Control Theory for Whom?

Control theory for humans: Quantitative approaches to modeling performance

By R. Jagacinski and J. Flach (NJ: Erlbaum, 2002)

Reviewed by Richard S. Marken, Senior Behavioral Scientist, The RAND Corporation

Control theory is a set of mathematical equations that describe the mechanisms that make it possible for living and artificial systems to control variables in their environment. Engineers use the theory as a basis for building artificial control systems (such as thermostats) and behavioral scientists use it as a basis for understanding the behavior of living control systems (such as humans). While the control theory used by engineers is mathematically identical to that used by behavioral scientists, the way the theory is used is quite different in the two cases. The difference turns on the fact that engineers know what variables they want their artificial systems to control while behavioral scientists want to find out what variables living systems actually do control. Engineers use the equations of control theory to help them build systems that will effectively control the variables they (the engineers) want controlled. Behavioral scientists use the equations of control theory to help them understand how living systems effectively control the variables that they (the living systems) want controlled.

While there are many texts that describe control theory for the benefit of engineers, there are few that describe it for the benefit of behavioral scientists. Control theory for humans represents an attempt to remedy this imbalance by providing a detailed description of control theory for students in the behavioral sciences. The book is successful inasmuch as it provides a very complete and lucid description of the mathematical details of control theory itself. It is less successful, however, in presenting the theory in a way that is useful to the behavioral scientist. This is because the book approaches control theory more from the point of view of the engineer than from that of the behavioral scientist. In particular, the book assumes that the behavioral scientist, like the engineer, knows what variables are being controlled by the system under study. Control theory is then presented as a way of evaluating how well the system (a human, in this case) is controlling these variables rather than as a way of determining what variables the system is actually controlling.

Control theory for humans introduces the tools of control theory in the context of a control task called manual tracking, where a person acts to keep a cursor aligned with a target. Manual tracking is an excellent example of human controlling because all the variables involved in control are clearly identifiable. But, for the same reason, it is a poor example of human controlling as well. In manual tracking a person is instructed to control a particular variable, such as the relationship between cursor and target position, and to keep that variable in a particular state, such as "cursor aligned with target". If the person follows instructions (and most do) then we know that the relationship between target and cursor is under control and we can use the tools of control theory (linear systems analysis, Bode plots and so on, which are described so well in Control theory for humans) to evaluate how well this control is being carried out. But manual tracking is a poor example of human controlling because it can give one the misleading impression that the variables involved in everyday examples of human control — particularly the variables that people are controlling — can be easily identified. In fact, they cannot. Indeed, the main problem involved in understanding everyday control behaviors (such as walking, talking, and catching fly balls) is identifying the variables people are controlling when they carry out these behaviors.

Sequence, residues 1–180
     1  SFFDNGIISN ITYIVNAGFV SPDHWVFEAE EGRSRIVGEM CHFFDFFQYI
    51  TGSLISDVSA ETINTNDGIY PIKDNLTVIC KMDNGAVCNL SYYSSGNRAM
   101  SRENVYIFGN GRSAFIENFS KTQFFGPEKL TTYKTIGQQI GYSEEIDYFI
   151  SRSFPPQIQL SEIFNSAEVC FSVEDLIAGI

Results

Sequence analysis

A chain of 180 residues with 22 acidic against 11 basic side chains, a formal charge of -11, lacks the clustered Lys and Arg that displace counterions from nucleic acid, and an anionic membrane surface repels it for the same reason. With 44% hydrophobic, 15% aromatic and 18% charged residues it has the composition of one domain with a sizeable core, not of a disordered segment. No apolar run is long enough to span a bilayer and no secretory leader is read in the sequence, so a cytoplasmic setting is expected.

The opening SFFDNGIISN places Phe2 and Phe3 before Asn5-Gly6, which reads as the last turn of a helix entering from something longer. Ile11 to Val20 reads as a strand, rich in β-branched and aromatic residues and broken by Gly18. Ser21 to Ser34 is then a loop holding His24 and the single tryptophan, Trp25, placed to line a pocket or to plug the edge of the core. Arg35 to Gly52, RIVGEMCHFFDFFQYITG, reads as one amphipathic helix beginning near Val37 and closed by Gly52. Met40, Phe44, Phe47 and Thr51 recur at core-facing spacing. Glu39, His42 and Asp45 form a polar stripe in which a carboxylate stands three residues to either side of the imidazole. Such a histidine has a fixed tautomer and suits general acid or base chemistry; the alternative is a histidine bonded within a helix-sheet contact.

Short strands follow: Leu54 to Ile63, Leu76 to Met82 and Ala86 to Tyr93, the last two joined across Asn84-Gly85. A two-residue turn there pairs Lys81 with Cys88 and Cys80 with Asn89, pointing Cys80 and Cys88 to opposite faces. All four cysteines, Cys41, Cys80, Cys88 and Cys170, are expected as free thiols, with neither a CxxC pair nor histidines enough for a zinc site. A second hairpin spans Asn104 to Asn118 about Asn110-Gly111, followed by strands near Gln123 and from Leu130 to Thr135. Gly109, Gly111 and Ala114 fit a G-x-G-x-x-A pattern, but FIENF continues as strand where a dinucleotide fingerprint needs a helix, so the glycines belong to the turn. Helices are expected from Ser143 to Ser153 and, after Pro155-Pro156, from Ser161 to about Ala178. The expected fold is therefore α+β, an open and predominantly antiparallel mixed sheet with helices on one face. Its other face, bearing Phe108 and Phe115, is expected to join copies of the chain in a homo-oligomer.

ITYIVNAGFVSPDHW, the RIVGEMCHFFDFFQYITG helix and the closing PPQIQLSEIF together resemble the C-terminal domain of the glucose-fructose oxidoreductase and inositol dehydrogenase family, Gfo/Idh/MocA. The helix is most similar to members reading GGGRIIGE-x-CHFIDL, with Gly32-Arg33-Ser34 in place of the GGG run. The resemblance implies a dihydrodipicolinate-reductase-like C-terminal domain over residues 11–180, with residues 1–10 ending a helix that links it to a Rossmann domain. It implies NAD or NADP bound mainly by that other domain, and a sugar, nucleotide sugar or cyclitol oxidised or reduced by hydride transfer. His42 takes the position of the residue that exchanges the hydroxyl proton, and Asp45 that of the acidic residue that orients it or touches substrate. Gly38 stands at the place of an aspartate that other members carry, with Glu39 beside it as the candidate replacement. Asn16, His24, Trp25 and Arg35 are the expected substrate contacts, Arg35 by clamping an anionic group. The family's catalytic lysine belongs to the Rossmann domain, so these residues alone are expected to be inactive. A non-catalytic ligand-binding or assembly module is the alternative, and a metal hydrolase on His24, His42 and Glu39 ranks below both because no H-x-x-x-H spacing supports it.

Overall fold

The variables people control are called controlled variables. A controlled variable is a perceived aspect of a person’s environment that is kept in a predetermined state and protected from disturbances by the person’s actions. The relationship between cursor and target in a tracking task is a controlled variable that is kept in a predetermined state (cursor aligned with the target) and protected from disturbance (such as movements of the target) by the person’s actions (such as movements of a "control" stick). Controlled variables can be simple (such as the relationship between cursor and target) or complex (such as the relationship between a husband and wife). They are perceptual variables because they are often complex functions of many physical variables. For example, "sweetness" is a variable that people control yet this variable corresponds to no single physical variable in the environment. Human behavior is organized around the control of such perceptual variables (Powers, 1973) so knowing what perceptual variables people control is essential to the analysis of human behavior from a control theory perspective.

The fact that controlled variables are perceived aspects of a person’s environment is one reason why it is difficult to notice these variables when we observe everyday examples of human controlling. It is difficult to notice, for example, what a baseball outfielder is controlling because the controlled variable is a perception in the fielder, not in the person observing the fielder’s behavior. Although controlled variables are difficult to identify, they must be identified before the tools of control theory can be used to model and evaluate human controlling. But controlled variables and the methods for detecting them are never mentioned in Control theory for humans. This is unfortunate because it limits the application of control theory to situations where the variable being controlled by the system under study is already known with considerable confidence. That is, it limits behavioral science applications to engineering-type applications of control theory.